In the meantime there are networks that share their knowledge and offer help for data journalism or Data Driven Journalism DDJ. One of them (mostly in German) is datenjournalismus.net

Outstanding

Among the thousands of data-based stories and their visualizations there are highlights again and again. I don’t want to withhold my recent favourite. It is the analysis and visualization of the internal migration after the German reunification. Die Zeit presented this with a lot of effort and fascinating results in May 2019.

… and much more

Two Years Ago

He was a pioneer and a great inspiration for what public statistics always strives for: more visibility, more understanding and more resonance. Two years ago Hans Rosling (27 July 1948 – 7 February 2017) died too young.

Demanding and enriching was an encounter with Hans Rosling. His demand for public statistics was urgent and a prerequisite for his enlightening work: that statistical data should be open to all. Here he saw successes. It was and is enriching how he conveyed these data combined with a message. With innovative, precise, entertaining and always very personal presentations, he clarified what had happened and what developments could be desired. He was a realist regarding his effectiveness and yet always an optimist ….. better: a “possibilist”. What remains for me is how he taught to see with numbers – a constant challenge for public statistics.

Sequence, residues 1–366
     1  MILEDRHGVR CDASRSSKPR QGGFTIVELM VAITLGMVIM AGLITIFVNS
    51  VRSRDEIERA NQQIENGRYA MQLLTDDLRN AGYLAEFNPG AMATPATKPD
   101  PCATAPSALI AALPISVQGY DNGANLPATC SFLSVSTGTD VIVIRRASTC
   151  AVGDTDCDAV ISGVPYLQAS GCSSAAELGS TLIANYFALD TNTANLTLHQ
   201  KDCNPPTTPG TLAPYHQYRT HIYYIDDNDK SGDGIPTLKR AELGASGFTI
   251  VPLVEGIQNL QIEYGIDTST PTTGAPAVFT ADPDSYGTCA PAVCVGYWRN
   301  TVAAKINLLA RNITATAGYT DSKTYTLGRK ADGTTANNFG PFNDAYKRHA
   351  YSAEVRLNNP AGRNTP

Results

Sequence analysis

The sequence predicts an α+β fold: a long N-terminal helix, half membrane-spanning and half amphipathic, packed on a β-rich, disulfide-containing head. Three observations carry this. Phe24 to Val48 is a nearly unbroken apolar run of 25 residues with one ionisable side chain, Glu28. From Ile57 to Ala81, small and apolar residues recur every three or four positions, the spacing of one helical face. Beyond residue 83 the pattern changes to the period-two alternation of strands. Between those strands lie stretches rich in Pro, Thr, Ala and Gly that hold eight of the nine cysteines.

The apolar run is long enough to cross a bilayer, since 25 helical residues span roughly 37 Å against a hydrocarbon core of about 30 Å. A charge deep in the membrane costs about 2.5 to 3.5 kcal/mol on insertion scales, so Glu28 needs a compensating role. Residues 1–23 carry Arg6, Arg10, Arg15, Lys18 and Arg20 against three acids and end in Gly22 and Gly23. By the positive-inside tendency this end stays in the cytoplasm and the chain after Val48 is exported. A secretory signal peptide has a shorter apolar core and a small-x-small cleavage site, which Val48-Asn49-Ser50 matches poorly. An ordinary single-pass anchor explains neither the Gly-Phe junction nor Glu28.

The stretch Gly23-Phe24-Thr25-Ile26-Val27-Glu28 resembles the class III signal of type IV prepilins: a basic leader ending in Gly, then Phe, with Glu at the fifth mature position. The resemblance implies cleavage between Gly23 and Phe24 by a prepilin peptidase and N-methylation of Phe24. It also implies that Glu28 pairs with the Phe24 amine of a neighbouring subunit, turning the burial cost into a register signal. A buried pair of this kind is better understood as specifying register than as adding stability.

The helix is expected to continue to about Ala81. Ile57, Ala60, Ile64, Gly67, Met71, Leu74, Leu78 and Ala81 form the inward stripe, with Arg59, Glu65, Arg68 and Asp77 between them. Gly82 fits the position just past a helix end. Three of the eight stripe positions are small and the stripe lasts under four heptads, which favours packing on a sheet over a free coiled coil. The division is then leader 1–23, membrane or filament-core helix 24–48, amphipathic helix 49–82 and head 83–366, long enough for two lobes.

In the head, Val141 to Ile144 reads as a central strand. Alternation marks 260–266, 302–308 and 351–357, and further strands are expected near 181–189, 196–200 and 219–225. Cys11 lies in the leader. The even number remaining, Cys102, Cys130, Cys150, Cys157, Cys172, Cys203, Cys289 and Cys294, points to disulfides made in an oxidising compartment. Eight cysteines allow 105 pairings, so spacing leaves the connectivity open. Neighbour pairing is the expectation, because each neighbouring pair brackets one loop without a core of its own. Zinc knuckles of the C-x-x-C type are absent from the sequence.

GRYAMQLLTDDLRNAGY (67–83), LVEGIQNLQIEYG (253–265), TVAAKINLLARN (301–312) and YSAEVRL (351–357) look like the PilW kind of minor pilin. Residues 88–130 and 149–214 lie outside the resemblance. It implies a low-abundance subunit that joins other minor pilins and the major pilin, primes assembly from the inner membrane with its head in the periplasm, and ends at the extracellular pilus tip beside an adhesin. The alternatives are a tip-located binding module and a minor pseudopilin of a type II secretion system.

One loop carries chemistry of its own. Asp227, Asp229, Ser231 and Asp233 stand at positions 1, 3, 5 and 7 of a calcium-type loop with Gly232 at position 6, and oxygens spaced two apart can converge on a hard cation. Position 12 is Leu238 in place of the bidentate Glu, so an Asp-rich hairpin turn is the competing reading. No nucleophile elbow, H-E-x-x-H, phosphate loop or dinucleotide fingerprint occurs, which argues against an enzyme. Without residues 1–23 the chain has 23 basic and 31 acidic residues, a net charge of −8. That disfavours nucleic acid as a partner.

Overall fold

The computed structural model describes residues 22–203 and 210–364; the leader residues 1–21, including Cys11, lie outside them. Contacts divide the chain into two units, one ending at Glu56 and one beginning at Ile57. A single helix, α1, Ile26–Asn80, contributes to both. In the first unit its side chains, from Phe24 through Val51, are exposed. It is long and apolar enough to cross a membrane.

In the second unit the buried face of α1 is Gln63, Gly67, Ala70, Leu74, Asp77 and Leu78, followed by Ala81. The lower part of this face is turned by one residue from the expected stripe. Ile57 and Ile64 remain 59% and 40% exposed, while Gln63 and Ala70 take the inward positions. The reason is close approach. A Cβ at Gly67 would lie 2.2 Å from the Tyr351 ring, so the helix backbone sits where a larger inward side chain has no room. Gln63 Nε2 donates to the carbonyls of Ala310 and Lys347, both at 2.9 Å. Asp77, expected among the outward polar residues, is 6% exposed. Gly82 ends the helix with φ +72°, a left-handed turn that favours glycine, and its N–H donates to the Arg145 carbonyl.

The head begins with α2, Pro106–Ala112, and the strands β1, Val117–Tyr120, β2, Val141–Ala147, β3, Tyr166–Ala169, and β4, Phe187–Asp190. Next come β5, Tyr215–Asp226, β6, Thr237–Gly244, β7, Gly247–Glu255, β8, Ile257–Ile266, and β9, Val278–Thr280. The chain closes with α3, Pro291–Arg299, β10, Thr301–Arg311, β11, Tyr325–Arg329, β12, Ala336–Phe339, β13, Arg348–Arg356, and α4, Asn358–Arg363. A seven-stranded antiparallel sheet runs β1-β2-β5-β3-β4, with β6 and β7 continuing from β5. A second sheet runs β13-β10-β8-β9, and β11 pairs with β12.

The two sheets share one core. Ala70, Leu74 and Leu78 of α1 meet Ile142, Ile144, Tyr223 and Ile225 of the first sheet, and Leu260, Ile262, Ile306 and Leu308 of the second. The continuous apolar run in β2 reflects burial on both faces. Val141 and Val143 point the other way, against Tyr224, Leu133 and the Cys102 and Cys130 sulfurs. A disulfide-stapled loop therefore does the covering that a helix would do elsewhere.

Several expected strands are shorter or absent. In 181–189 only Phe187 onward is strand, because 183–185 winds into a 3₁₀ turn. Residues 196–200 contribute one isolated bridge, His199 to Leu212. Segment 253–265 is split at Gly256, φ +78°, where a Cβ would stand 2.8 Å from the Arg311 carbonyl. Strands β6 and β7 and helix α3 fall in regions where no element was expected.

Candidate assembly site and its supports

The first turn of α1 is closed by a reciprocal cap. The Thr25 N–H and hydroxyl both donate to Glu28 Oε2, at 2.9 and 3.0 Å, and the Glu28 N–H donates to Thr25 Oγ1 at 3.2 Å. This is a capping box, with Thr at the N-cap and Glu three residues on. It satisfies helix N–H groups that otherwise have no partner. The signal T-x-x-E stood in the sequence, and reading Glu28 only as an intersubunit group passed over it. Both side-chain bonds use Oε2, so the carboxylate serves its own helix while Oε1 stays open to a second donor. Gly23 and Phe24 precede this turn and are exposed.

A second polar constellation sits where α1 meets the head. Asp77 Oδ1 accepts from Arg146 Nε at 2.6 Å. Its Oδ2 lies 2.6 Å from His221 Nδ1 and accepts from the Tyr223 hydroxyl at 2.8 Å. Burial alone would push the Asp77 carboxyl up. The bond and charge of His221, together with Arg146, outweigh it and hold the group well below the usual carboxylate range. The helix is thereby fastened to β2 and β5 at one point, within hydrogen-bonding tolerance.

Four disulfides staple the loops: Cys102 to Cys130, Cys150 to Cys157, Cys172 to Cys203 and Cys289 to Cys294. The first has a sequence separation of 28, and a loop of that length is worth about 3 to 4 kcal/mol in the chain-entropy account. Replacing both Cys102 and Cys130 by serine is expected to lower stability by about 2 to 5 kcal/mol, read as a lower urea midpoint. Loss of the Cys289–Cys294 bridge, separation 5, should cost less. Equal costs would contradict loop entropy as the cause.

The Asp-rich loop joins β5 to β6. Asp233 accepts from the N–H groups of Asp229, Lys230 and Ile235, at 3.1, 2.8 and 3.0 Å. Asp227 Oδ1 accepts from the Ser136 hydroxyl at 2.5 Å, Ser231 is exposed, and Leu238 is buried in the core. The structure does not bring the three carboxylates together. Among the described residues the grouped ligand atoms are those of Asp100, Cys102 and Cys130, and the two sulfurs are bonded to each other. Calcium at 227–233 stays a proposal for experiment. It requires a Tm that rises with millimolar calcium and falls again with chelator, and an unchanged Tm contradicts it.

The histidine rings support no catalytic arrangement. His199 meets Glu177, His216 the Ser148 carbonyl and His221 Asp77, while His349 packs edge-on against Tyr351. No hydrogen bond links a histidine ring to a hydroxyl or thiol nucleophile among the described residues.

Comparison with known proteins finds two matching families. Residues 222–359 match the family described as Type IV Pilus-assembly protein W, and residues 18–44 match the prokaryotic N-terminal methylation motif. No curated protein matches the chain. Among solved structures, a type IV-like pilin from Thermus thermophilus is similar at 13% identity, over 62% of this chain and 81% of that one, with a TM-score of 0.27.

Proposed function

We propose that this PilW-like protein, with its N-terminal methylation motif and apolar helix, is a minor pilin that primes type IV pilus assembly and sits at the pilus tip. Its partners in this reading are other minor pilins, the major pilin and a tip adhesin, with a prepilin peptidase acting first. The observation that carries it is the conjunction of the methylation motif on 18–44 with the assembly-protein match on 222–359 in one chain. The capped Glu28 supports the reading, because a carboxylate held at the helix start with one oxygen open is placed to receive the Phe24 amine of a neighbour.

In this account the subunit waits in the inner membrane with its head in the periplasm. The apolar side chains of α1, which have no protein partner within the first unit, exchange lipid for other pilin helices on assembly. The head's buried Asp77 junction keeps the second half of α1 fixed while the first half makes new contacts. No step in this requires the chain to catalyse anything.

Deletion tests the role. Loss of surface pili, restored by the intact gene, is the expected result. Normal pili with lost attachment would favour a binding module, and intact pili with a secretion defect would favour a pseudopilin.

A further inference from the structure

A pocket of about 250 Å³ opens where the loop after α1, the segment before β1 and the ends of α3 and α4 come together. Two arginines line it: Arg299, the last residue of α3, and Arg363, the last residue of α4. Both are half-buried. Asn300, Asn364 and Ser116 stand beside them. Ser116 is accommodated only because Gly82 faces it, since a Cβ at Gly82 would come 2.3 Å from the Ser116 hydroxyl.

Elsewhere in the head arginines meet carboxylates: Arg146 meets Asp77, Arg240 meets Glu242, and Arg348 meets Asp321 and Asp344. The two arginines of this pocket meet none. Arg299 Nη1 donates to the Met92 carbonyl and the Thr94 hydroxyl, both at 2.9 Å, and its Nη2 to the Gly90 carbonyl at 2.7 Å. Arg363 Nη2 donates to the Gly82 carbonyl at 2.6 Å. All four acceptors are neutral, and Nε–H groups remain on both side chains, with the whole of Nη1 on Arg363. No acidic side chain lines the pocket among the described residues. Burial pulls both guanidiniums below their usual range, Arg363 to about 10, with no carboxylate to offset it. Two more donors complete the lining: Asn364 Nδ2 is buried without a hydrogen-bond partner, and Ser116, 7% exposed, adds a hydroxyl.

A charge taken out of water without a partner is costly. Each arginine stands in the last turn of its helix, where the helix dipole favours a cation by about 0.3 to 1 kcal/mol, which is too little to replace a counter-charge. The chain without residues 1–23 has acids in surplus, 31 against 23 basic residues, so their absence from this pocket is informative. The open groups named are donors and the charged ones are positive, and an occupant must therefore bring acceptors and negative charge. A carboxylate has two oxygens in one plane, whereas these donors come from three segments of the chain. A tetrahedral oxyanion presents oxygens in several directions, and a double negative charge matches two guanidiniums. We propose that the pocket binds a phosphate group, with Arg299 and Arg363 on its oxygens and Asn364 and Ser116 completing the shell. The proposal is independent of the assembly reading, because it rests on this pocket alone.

“One little humble advice” he gave to his audience at the end of a presentation in 2013:

Full presentation here:  
DON'T PANIC — Hans Rosling showing the facts about population

It Goes On

Gapminder (“a fact tank, not a think tank”), with its innovative tools and commitment, continues to live with Anna Rosling Rönnlund and Ola Rosling.

And recently Factfulness, a book by the three (Hans Rosling, Anna Rosling Rönnlund, Ola Rosling) has been published with the subtitle “Ten Reasons We’re Wrong About The World – And Why Things Are Better Than You Think”